Posted - December 27 2011 : 21:49:27
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Question: Rosie writes, "My laptop has been working really slow and everytime I get on the Internet it kicks me out. I don't think I have virus protection. I mean I did when I first bought it, but haven't replaced it with a new one. Can you please help?"
Answer: Great question, Rosie. It does sound like you may have an infection or two. But if your computer's JUST done that, then you might be able to use the Windows System Restore to help you get back to a better state where you can at least download some new scanning software from the Antimalware Toolkit. You didn't say which version of Windows you have, but if it's Windows Vista or 7, then you can turn your computer on, pressing F8 repeatedly until you get a text menu on a black screen. The top menu option will say "Repair your computer" and it will take you to a place where you can easily run the Windows System restore to get back to a previous state. That won't remove any of your data. It only puts your registry and program files back. If you have Windows XP, then you won't have a "Repair your computer" option, but the top option will be "Safe Mode". Go ahead and start in Safe Mode (not Safe Mode with Networking), and then you can click Start -> All Programs -> Accessories -> System Tools -> System Restore. Follow the prompts to see if you can get back to a few days ago.
Now, if you have been dealing with this for several weeks, you might not have a "clean" restore point available. Finally, let me share a rule of thumb I learned from Microsoft several years back: Antivirus that isn't up-to-date is only marginally better than none at all. Rosie's not alone – people call all the time like this.
Cool Site: Graphwords.com: This week's site is way cool. I was always the guy who took forever to look up definitions in the dictionary because I was always reading the definitions of other words I found interesting along the way. This week's site is perfect for that sort of thing. It's at graphwords.com, and we'll have video of its use in the show notes. With graphwords, you don't just read a definition in the dictionary, but you enter a word at the top of the screen and it visualizes the connections between the word you're defining and other words with similar meanings. Words that are similar look like spokes radiating out from a hub that, when you point your mouse at it, shows the definition. To find more information on any word in the graph, just double-click the word of interest to define and graph it. There's a save picture feature that I'm thinking educators and homeschoolers alike will appreciate.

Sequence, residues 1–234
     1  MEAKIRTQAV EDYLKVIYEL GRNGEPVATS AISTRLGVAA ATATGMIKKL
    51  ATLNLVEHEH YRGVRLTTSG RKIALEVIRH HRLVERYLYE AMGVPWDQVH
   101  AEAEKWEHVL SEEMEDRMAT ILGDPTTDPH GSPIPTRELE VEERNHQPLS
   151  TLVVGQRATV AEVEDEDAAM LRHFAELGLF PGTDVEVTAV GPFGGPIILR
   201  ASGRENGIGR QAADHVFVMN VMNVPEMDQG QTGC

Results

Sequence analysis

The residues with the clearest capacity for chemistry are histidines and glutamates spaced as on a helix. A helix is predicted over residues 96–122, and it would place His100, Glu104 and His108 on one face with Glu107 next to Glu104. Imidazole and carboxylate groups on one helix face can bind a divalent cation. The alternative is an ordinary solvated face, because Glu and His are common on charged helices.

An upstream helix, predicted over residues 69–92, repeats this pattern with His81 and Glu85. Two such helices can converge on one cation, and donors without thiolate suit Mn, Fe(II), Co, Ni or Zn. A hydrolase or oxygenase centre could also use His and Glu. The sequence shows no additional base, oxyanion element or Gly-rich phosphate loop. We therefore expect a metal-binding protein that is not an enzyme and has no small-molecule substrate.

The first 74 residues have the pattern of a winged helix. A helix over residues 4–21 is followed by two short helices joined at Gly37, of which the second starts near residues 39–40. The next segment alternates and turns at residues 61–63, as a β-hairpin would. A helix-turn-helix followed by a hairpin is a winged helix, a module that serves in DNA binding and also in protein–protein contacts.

Cool Gadget: TurboSpoke Bicycle Exhaust: A lot of kids are going to get bikes this Christmas. When I was a kid, one of my bikes was a motocross bike complete with plastic gas tank and everything. It looked just like a motorcycle, except that I was pedaling it. I wish I had had this week's gadget: the TurboSpoke Bicycle Exhaust. I used to clothespin a card on the spokes of my bike to make it sound like a motorcycle. Who didn't, right? Well, this gadget is a card on steroids. In fact, it comes with three different-shaped cards to give the bike a different sound. But you can't hear that sound without amplification, which is accomplished with a megaphone shaped like a motorcycle's exhaust pipe. So, you bolt the TurboSpoke to your bike frame, select the card that sounds like you want your bike to sound, and hit the road. They run $22 at vat19.com, but they're out of stock right now, but they'll get more. Vat19 has something you can click to be notified by email when they're back in stock. Incidentally, that's a great way to gauge demand for a product.
Cool App: Cut the Rope: This week's app is called Cut the Rope, and is for iPhone and iPod Touch devices. In this top-selling, 99-cent game, your task is to feed a character named Om Nom candy that's attached to a rope. But in order to feed him, you have to, you guessed it, cut the rope, at just the right time so that the candy falls into his mouth. The game features obstacles to get around and gadgets like airbags, teleporters, and others to help you get around those obstacles. This game has won several awards and I understand that a Christmas-themed version is out as well. Best of all, it's Zak-approved!
It's All "Geek" To Me: WPA: Last week we promised that this week's term would be WPA, so, guess what? It is. Like WEP, WPA is also an acronym. It stands for Wi-Fi Protected Access. This is the latest encryption scheme for wireless Wi-Fi transmissions. It's designed to overcome some of the limitations of WEP, one of which was that hexadecimal encryption key. See, 128-bits, expressed in hexadecimal, is 32 characters, which is so hard to remember that people didn't use it, or compromised security by writing it down, none of which mattered once it got cracked. But with WPA you can make up your own phrase to use to get access. WPA also includes protocols to change the key over time and other security measures, all of which are aimed at making your wireless communications more secure.
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TurboSpoke Bicycle Exhaust:
Cut the Rope at Apple’s AppStore:
Cut the Rope publisher’s website:
WPA defined at TechTerms: